Pakistan's government has recently announced a plan that could make a potentially dry and tense summer there even more difficult-granting al-Qaeda added recruitment appeal and undercutting a much-touted strategy by the Obama administration to improve standards of living.
The Federal Minister of Investment in Pakistan, Waqar Ahmed Khan, said this week that the government plans to sell or lease 1 million acres of farmland to foreign investors, primarily from Saudi Arabia and other Gulf countries. Although the news has yet to gain much coverage, if carried out it could punctuate growing unrest and frustration, given Pakistan's limited amount of arable land and population of more than 170 million.
Land and food issues are at a boil in Pakistan and a number of other developing countries. The Taliban was able to take control in the Swat Valley in part by marshalling local militias that had become outraged at abuses by the richest landlords in the region, and the courts' failure to mediate their grievances. Pakistani people have taken to the streets to protest soaring food prices.
If it is even feasible, the plan is therefore sheer folly. The fact that it has even been considered highlights the complexity of attempting to push forward U.S. goals in Pakistan, to say nothing of neighboring Afghanistan. A land sale or lease would likely enrich some officials but undermine an already precarious food-supply situation in Pakistan. According to David Isby, an author of several books on South Asia, it is highly probable that the land in question has already been purchased by government or military officials. "I would be surprised if that wasn't the case," he said, adding that President Zardari (when his wife was prime minister) was considered rapacious by Pakistani standards.
Such an opaque approach towards selling land in the developing world appears to coincide with a global trend of both cash shortfalls in many of the world's breadbaskets and an acute need-in the Gulf, China and other areas-to import food. The supply and price of food is generating global concern, prompting G8 countries last weekend to hold an agricultural summit. The UN's food security expert, Olivier de Schutter, called earlier this month for a "code of conduct" to regulate the purchase of farmland across Africa, Asia and Latin America, maintaining that such sales have often benefited some officials and companies but not the general population.
But even if the sale of land to foreign investors were squeaky clean in Pakistan, there are other problems with the proposition. To begin with, the land that would be available, and is being considered for sale, is mainly Baluchistan, which is mounting a full-scale insurrection against the government. In addition, there is limited water in Pakistan, so the irrigation of new farms owned by foreign investors could reduce water supplies for other farmers.
It is unclear how far along the land-sale plan has come, but Khan said the Pakistani government is now in talks with Saudi Arabia, the United Arab Emirates, Bahrain and other Arab states, and "very soon we will be signing the deals." He added, "For the first time I can say that whole government including the upper and the lower house and the opposition are on board for this project and are supporting the idea of improving Pakistan's economic situation." Pakistan would raise a "special security force" to protect investors' farmland, at a cost of $2 billion, which Khan said could be covered in part by foreign donor contributions. He added that the deals could not be infringed upon due to political changes-like, say, a coup. Islam Online reported Tuesday that a spokesman for United Arab Emirates said his country was interested in buying land in Pakistan and that talks with Pakistani officials "are underway."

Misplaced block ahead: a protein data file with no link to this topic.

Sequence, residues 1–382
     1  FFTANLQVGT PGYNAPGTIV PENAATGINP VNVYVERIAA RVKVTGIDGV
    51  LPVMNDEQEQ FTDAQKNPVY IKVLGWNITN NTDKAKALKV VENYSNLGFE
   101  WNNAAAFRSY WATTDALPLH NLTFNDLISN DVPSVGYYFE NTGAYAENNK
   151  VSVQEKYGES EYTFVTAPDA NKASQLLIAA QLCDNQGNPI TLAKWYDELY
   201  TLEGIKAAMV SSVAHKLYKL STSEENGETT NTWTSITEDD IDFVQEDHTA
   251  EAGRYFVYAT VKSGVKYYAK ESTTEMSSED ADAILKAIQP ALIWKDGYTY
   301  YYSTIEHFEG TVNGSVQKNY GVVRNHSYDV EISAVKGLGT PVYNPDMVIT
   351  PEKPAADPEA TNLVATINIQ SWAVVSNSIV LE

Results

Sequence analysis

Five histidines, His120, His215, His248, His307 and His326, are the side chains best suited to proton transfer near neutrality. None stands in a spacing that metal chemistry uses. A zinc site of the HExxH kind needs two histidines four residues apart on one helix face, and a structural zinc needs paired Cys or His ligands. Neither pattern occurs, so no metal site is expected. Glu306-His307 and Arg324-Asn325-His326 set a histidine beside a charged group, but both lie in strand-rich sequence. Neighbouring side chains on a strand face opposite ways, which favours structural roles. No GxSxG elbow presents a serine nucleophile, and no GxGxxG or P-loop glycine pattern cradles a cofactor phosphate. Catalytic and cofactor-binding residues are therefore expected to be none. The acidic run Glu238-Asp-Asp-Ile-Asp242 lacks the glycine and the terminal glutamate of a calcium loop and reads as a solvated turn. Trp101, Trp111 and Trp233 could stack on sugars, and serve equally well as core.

The Pakistani government's land-sale concoction demonstrates the variety of challenges that the U.S. government faces in trying to advance its counterterror goals in South Asia. Just as the Obama administration is beginning to digest and react to preponderant developments, such as Islamabad's virtual cessation of the Swat Valley to the Taliban, it is now hit by an unrelated, arbitrary and errant decision by government officials.
Pakistan is not a failed state, but the state is clearly receding. The Taliban has recently pushed into a district adjacent to Swat and the Punjab province is now seen at risk of Taliban infringement. The civilian government is already shaky-in part due to widespread frustration with the war in Afghanistan spilling over the border into Pakistan-and seems prepared to further delegitimize itself. NATO and America's progress in Afghanistan depends on conditions in Pakistan, but the war in Afghanistan has severely destabilized Pakistan. In the end, the United States and its allies have greater, more pressing interests in Islamabad than they do in Kabul.
Ximena Ortiz is a senior editor at The National Interest.